“Any damn fool can see that a horse carrying a light weight with a wonderful win rate and a good post position, etc., etc. is way more likely to win than a horse with a terrible record and extra weight and so on and so on. But if you look at the odds, the bad horse pays 100 to 1, whereas the good horse pays 3 to 2. Then it’s not clear which is statistically the best bet using the mathematics of Fermat and Pascal.”
So the pari-mutuel system that is the stock market is fairly good at leveling the playing field between the high quality stallions and the broken down nags. Charlie Munger says a railroad company at 1/3rd of book value might not necessarily be as attractive a value as IBM at 6 times book value. Of course, it’s not perfectly efficient, and sometimes the nags provide more value relative to the price you can buy them for, other times the stallions do.
Reducing the Probability for Error
I think the stallions (the good businesses) often prove to be the lowest risk, highest probability outcomes, but this is not always the case. I’ve always thought generally speaking—most investment mistakes are made because an error was made evaluating the business as opposed to an error based on the valuation given the current state of the business. Of course, you could argue that a bad business (or one that gets progressively bad) turned out to be overvalued. But I’m just referring to the idea that very few serious investment mistakes come from buying great businesses at too high prices. Sometimes this happens—like buying Coke in 1998 or Microsoft in 2000. Business results at both of those companies continued to be good, but the stocks performed poorly. But usually, this type of mistake (while still a mistake) means mediocre results going forward, and not necessarily significant loss of capital. The big losses tend to come from being wrong about the business.
So I find I spend a lot of time trying to reduce errors, and this leads me to preferring high quality businesses. And Munger and Buffett have obviously proved the merit of this idea over time. As Charlie Munger said in that same lecture:
“And so having started out as Grahamites—which, by the way, worked fine—we gradually got what I would call better insights. And we realized that some company that was selling at 2 or 3 times book value could still be a hell of a bargain because of momentums implicit in its position, sometimes combined with an unusual managerial skill plainly present in some individual…”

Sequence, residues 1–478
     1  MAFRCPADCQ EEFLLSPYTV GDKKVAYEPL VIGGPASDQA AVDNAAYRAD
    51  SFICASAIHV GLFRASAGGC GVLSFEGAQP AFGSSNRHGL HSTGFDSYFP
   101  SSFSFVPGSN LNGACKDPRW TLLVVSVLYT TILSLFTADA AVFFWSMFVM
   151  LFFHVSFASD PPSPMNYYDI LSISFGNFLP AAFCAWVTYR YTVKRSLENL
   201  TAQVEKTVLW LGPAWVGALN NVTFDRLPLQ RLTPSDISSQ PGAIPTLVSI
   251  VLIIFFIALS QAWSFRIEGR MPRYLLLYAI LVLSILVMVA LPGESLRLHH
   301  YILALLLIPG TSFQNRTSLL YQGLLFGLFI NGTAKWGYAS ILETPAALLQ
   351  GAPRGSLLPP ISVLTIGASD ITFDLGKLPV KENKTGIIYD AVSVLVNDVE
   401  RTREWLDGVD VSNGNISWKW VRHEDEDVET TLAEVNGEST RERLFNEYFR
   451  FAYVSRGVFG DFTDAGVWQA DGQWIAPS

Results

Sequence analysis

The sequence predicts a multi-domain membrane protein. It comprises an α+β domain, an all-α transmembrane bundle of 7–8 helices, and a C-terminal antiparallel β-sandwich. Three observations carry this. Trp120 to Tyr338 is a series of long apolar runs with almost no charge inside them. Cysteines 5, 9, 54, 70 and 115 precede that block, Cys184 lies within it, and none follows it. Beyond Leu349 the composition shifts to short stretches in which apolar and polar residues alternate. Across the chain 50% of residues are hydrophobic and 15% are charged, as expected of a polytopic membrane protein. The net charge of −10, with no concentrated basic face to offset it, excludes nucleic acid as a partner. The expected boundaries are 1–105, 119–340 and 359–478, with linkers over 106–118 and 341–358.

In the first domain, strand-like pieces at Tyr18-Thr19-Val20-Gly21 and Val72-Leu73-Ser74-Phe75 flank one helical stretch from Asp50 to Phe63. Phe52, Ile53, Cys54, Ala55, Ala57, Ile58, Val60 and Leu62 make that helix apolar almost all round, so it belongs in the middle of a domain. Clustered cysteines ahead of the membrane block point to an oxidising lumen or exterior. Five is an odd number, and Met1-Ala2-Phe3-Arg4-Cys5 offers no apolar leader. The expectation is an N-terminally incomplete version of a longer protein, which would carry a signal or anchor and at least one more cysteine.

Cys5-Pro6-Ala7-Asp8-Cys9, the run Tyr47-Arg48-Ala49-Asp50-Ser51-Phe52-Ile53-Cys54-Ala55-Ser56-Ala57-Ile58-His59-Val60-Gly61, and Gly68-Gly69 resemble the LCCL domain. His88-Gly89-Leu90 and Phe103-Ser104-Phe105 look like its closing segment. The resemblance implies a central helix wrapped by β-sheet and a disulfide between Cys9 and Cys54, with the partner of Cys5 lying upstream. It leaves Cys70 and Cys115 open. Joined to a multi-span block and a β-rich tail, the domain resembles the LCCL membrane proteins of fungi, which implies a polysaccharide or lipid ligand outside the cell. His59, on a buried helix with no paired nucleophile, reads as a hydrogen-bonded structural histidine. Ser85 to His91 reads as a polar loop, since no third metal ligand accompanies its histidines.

So moats are important, valuation is crucial, but thinking in terms of probability is also very important. Evaluating what Wal-Mart will look like in 10 years will probably lead to a more predictable outcome than evaluating Facebook (note: more predictable, not necessarily better). There are no sure things, but there are probabilities, and the probabilities—unlike card games or dice—are dynamic and ever changing. It’s not an exact science.
What you’re trying to do is locate what Munger calls the “easy decisions”. The low risk, high probability bets. Sometimes those come from the best companies in the world with significant advantages, other times they come from off the beaten path—companies that are involved with some sort of special situation that might not have these sought after moats, but nonetheless offer significant value and low risk of permanent capital impairment.
I think what Charlie Munger is really saying—if I can be so bold to put words in his mouth—is that identifying moats is not a science, and it’s not easy to describe to someone who is asking about them. (After all, the quote above is from a speech called “The Art of Stock Picking”). Each situation is different and each company has its own set of circumstances. Despite how much we’d like to boil this down into a checklist and a simple box checking exercise, investing just doesn’t work that way. It takes a lot of preparation to put yourself in the position to identify these low risk, high probability investments, and it also takes a lot of patience and discipline to wait for them in the meantime when they aren’t available.
Charlie Munger succinctly summarizes this point when he was asked at the meeting “what system do you use to identify great investments?”
“We tend to look for the easy decisions, but we find it very hard to find “easy decisions”. We found just barely enough and they had their own problems. So, I don’t have a system.”
It is certainly a lot harder for Munger than the rest of us. He is 91, he’s a billionaire, and he unfortunately has far fewer investment opportunities than most of us.
But his experience is relevant, and we can take away certain aspects of his investment philosophy as we hunt for our own bargains.